Monday, February 26, 2007

Everything But Money, and a Caged Bird, Too.

"Listen carefully to what country people call mother wit. In those homely sayings are couched the collective wisdom of generations." -- Maya Angelou

Whenever I re-read the chapter in "I Know Why The Caged Bird Sings" where Marguerite visits Mrs. Flowers, and gets that advice from her (among other things), I think of Sam Levinson. I love his books so very incredibly much. I don't think I have ever read any other books that contain so much wisdom, and so many quotable quotes.

On the third-to-the-last-page of his wonderful "In One Era and Out The Other," he talks about the humanitarian tradition, which, according to Sam, is ". . .philanthropic in its original Greek meaning: love of man. How love of man is best carried out for the good and welfare of the individual and society is superbly expressed by . . . Moses Maimonides, who died in Spain in the year 1204."

Remembering that 'charity' actually means 'love,' here are Moses Maimonides' levels of charity:

The first and lowest degree is to give - but with reluctance or regret. This is the gift of the hand but not of the heart.

The second is to give cheerfully, but not proportionately to the distress of the suffering.

The third is to give cheerfully and proportionately but not until we are solicited.

The fourth is to give cheerfully, proportionately, and even unsolicited, but to put it in the poor man's hand, thereby exciting in him the painful emotion of shame.

The fifth is to give charity in such a way that the distressed may receive the bounty and know their benefactor without their being known to him.

The sixth, which rises still higher, is to know the objects of our bounty, but remain unknown to them.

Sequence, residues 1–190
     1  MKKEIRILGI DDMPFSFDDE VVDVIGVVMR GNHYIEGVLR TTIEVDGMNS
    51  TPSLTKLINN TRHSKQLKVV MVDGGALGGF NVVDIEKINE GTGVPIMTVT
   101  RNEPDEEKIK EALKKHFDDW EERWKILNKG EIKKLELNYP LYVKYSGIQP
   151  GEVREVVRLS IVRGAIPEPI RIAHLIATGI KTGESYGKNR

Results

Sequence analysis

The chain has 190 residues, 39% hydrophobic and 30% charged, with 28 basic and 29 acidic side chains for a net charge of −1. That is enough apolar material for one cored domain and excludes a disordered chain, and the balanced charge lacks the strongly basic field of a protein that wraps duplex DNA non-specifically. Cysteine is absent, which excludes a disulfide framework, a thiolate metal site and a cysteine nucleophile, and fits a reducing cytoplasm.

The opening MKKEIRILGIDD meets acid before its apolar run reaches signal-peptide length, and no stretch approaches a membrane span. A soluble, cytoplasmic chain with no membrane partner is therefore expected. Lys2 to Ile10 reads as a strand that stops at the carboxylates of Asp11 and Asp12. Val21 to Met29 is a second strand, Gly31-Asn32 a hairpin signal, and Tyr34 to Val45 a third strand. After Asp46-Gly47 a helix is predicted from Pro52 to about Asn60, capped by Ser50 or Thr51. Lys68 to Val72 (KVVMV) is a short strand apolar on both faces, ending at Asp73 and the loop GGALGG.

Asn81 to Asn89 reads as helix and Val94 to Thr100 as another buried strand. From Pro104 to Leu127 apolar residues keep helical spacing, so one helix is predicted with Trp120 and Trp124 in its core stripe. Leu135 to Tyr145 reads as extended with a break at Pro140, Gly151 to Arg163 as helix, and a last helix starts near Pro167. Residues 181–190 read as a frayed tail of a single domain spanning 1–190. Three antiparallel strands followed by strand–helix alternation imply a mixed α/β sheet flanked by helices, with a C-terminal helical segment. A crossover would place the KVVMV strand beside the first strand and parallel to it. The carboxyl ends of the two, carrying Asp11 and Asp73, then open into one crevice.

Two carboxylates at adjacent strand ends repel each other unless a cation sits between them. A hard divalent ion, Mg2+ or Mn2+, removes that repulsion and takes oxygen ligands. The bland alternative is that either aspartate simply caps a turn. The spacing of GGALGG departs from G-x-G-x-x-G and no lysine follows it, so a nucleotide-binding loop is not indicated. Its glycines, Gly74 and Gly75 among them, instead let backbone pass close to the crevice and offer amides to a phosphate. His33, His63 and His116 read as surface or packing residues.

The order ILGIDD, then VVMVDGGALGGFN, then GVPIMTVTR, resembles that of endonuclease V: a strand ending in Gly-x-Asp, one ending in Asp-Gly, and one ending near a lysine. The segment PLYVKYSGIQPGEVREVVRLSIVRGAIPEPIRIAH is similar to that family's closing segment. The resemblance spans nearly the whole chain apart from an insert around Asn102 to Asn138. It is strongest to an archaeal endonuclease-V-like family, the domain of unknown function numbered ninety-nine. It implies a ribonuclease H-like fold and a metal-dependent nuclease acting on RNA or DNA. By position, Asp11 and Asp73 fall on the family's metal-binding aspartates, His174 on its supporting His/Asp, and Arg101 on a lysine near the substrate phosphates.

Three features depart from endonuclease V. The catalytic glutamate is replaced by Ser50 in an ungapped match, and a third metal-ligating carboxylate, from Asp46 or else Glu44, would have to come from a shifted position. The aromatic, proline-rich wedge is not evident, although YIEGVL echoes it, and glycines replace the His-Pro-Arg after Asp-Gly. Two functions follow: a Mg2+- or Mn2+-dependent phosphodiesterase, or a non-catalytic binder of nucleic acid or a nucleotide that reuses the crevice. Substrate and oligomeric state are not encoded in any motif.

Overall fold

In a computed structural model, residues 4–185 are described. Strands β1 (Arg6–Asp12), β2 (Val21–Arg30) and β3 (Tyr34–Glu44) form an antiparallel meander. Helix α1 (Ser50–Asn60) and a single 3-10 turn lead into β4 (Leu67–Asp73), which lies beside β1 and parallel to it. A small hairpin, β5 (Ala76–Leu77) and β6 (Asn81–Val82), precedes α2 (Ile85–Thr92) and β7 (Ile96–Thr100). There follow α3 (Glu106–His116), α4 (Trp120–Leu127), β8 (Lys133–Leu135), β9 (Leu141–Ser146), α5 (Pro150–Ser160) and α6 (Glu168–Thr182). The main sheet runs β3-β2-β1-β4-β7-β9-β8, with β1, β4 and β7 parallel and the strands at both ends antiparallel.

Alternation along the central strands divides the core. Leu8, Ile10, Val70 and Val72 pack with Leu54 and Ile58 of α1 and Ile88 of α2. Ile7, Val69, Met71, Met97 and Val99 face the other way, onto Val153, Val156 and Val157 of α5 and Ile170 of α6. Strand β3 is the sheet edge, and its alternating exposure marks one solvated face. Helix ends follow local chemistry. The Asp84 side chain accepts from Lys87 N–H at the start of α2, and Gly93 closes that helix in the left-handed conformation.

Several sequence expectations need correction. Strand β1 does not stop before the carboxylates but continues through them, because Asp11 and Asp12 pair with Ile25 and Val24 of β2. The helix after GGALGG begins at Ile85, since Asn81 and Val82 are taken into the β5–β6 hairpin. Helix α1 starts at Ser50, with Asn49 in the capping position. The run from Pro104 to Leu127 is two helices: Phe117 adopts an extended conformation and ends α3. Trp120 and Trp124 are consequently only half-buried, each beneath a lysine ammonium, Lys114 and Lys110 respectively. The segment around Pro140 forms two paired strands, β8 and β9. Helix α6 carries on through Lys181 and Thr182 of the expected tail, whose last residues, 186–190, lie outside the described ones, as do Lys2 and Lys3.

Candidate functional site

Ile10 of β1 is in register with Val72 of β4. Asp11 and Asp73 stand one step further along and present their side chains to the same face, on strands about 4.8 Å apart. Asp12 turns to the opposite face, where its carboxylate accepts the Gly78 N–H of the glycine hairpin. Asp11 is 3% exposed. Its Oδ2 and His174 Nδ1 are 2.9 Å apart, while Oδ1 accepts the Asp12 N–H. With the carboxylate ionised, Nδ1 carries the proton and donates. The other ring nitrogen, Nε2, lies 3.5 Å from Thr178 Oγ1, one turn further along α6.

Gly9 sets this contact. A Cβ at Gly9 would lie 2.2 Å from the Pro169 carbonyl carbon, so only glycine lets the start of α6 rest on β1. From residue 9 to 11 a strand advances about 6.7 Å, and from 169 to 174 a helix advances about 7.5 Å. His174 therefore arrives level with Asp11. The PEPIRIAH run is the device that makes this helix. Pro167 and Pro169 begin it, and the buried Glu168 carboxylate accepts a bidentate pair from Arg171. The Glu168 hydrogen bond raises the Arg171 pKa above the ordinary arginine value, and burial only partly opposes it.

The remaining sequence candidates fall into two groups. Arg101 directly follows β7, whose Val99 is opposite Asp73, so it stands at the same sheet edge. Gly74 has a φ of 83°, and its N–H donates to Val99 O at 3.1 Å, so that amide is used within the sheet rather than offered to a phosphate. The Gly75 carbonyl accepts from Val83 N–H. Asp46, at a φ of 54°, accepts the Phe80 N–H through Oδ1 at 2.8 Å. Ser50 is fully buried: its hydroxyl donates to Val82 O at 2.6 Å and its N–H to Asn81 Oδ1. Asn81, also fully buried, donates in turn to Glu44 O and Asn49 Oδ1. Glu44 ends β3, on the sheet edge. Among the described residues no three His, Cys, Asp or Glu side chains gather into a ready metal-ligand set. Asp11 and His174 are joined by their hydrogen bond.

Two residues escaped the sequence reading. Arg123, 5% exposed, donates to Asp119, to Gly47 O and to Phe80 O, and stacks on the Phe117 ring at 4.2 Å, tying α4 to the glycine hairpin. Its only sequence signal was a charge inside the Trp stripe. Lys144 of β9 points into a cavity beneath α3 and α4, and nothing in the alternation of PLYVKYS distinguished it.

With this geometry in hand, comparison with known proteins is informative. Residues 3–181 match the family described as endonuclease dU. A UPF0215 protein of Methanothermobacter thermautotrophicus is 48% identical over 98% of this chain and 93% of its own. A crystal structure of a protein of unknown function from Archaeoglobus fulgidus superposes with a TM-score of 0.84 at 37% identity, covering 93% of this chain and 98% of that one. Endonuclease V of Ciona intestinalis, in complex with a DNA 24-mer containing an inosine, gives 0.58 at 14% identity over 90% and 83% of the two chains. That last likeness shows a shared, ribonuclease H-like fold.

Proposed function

The seventh is still more meritorious, namely, to bestow charity in such a way that the benefactor may not know the relieved persons, nor they the name of their benefactor.

The eighth and most meritorious of all is to anticipate charity by preventing poverty: namely, to assist the reduced brother either by a considerable gift, or a loan of money, or by teaching him a trade, or by putting him in the way of business, so that he may earn an honest livelihood and not be forced to the dreadful alternative of holding up his hand for charity. . . . This is the highest step and the summit of charity's golden ladder.

I am of the opinion that it is the responsibility of the teacher to instill that eighth level into all of his/her students. To use it on them, and to teach them to use it on others.

Others will disgree, of course, because it's a lot easier to merely teach to a test, but I could never do just that. I wanted better things for my students.

That is, of course, one reason why I'm not in the public schools any more. It is also one reason why I am very, very glad of that.

Because Mrs. Flowers took the time to give Marguerite Johnson some personal and individual attention, we have Maya Angelou.

Who else might we have, if teachers are ever permitted to give personal and individual attention again? Who might we have? Who might we have had? Who did we never have?

I think it's time to take back our schools.

Posted by Mamacita (The REAL one) @ 6:34 PM | |


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